A ThyssenKrupp worker punches a hole into a slag outlet from molten iron ore Sean Gallup, Getty Images

A worker punches a hole into an outlet for slag from molten iron ore flowing from a ThyssenKrupp blast furnace. Iron ore prices jumped almost 20% Monday.

Is Iron Ore's Record Jump a Revival? Or a Blip?

After prices surged 19% Monday, the outlook for steel received a bump and speculation ignited that the good times might continue, but not all industry analysts are so sure.

Iron ore bears are unconvinced that a record jump in prices amid renewed optimism over China’s economy signals a sustained rebound in the steel-making raw material.

The 19% surge Monday came after Chinese policy makers indicated their willingness to bolster economic growth, boosting the outlook for steel and igniting speculation that some investors who had bet against the market had been caught out. Citigroup said it’s still bearish as supply and demand fundamentals remain weak while Axiom Capital Management Inc. said the price jump was probably just a “blip”.

“The issue is that China is exposed to a global economy whose growth is mediocre at best, and driving domestic demand is becoming more difficult than ever,”  Jessica Fung, an analyst at BMO Capital Markets in Toronto, said by e-mail. “I am concerned that this is setting China up for a harder landing down the road, which in turn means a very strong reversal for iron ore prices.”

Iron ore has powered higher in 2016 as steel prices strengthened, undermining forecasts for further losses driven by mounting low-cost supply from Australia and Brazil and weakening demand in China. The pace gathered momentum as Chinese mills began to ramp up output after the Lunar New Year break in February, a tropical cyclone in January that disrupted some shipments from Australia, and China moved to boost the economy.

Ore with 62% content delivered to Qingdao rose to $63.74 per dry metric ton on Monday, Metal Bulletin Ltd. data show. That was the biggest gain in daily data going back to 2009 and the highest price since June.

“There’s clearly what you would describe as an extreme short-covering event going on,” Wayne Gordon, executive director for commodities and forex at UBS Wealth Management, told Bloomberg. “To me, the rally is there to be sold, because the fundamentals of the market, being supply and demand, do not stack up to the sharp movements we’ve seen.”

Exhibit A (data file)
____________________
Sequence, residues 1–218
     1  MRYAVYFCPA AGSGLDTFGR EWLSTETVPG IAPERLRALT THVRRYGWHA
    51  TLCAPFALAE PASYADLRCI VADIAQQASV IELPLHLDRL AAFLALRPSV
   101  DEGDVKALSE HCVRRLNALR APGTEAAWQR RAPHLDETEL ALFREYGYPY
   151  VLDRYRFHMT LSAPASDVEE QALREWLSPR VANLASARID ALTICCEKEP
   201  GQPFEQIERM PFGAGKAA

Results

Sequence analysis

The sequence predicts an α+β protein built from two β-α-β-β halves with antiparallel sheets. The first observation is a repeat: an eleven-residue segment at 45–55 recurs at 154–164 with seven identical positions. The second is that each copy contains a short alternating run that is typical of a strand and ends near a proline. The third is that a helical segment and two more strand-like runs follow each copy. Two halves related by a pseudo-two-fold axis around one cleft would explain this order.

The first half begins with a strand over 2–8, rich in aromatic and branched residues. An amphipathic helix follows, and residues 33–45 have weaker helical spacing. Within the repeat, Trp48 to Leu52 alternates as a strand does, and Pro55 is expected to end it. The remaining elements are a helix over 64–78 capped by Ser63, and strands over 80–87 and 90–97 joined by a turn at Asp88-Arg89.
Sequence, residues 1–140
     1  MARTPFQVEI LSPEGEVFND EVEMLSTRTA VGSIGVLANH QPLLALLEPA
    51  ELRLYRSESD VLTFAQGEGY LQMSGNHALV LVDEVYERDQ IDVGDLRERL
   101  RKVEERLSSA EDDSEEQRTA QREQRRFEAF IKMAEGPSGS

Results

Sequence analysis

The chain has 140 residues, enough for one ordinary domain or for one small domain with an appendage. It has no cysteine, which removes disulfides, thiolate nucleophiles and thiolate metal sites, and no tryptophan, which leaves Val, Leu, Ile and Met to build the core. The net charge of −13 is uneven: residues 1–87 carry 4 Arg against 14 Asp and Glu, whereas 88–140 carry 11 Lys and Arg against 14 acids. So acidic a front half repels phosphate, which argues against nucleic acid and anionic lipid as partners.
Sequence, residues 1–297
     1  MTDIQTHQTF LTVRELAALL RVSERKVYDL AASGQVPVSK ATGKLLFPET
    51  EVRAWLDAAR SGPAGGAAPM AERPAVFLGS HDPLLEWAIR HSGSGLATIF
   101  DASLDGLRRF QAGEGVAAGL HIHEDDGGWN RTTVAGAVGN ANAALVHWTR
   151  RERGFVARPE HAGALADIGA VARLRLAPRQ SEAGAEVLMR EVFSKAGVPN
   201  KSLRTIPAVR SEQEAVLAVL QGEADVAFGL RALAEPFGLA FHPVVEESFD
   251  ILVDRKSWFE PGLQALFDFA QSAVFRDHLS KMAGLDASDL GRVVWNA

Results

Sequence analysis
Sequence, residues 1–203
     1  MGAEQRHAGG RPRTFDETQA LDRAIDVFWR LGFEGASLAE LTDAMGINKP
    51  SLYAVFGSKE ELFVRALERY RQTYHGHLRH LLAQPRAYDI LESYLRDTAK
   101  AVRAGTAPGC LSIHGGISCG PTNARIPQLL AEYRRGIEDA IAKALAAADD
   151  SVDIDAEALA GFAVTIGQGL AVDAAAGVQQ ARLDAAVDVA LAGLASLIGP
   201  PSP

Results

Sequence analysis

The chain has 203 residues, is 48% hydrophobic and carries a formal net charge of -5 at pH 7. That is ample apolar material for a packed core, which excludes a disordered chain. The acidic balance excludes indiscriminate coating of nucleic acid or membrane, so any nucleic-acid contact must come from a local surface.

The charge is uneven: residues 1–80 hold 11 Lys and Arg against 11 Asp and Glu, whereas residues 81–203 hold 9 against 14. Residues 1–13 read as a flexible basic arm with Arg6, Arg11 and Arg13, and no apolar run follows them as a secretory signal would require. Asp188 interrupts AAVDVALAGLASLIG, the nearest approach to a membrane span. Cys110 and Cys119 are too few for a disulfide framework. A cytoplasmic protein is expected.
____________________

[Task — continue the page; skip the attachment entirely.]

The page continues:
The advance is already showing signs of easing. While futures in Dalian were still limit up on Tuesday, prices on the Singapore Exchange were down 6.3% at $54.94 per ton by 11:59 a.m. local time. China’s demand for iron ore weakened in February with imports sliding to 73.61 million tons from 82.19 million tons a month earlier and the lowest level since May, according to the country’s customs administration.

‘Nothing Has Changed’

“It’s a blip, there’s nothing that’s changed in the overall macro back drop,” Gordon Johnson, a New York-based analyst at Axiom Capital, said by phone. “Many of the manufacturing data points that we look at in China continue to worsen and not get better.”

The biggest iron ore miners reversed gains as Monday’s enthusiasm was tempered. Rio Tinto Group, the world’s second-biggest iron ore exporter, declined as much as 3.5% in Sydney on Tuesday, and BHP Billiton Ltd. fell as much as 2.1%.

China’s new phase of “growth is underpinned by consumption and services and is inherently less steel intensive,” BHP’s Western Australian iron ore asset president, Edgar Basto, told a conference Tuesday in Perth. “Overall steel and pig iron production are expected to be subdued in 2016.”

Chinese demand may weaken because of under-investment in real estate and infrastructure while mine supply will remain strong, Citigroup said in a report e-mailed Tuesday. The bank kept its price projections unchanged at an average $38 per ton for 2016 and $35 for 2017 and 2018.

Not everyone is totally bearish. The jump is a welcome sign that iron ore prices are well off the bottom, Philip Gibbs, an analyst for KeyBanc Capital Markets, told Bloomberg Radio’s “Taking Stock” on Monday.

“It is obviously welcome and I hope it is maintained,” Western Australia’s Premier Colin Barnett told reporters in Perth. “Iron ore prices have been very volatile over the last two years. I would hope iron ore prices would fall in that range of $50-$70 and that would give stability to our industry and, I think, confidence for new investors.”

Premier Li Keqiang’s work report delivered Saturday showed the government will give top priority to development by boosting innovation, urbanizing more and cutting excess capacity in industries like steel. He also outlined a 6.5% to 7% target range for economic growth. To reach the new target, China plans to permit a record high fiscal deficit and has raised its money supply expansion target.

Iron ore producers including BHP probably don’t “believe that this price level is going to be sustainable just yet,” Ole Hansen, head of commodity strategy at Saxo Bank A/S in Copenhagen, said in an interview in Bloomberg’s offices in Melbourne. “The question on China is if it can deliver. I’m still a little bit hesitant about that.”

By Jasmine Ng

TAGS: Trade
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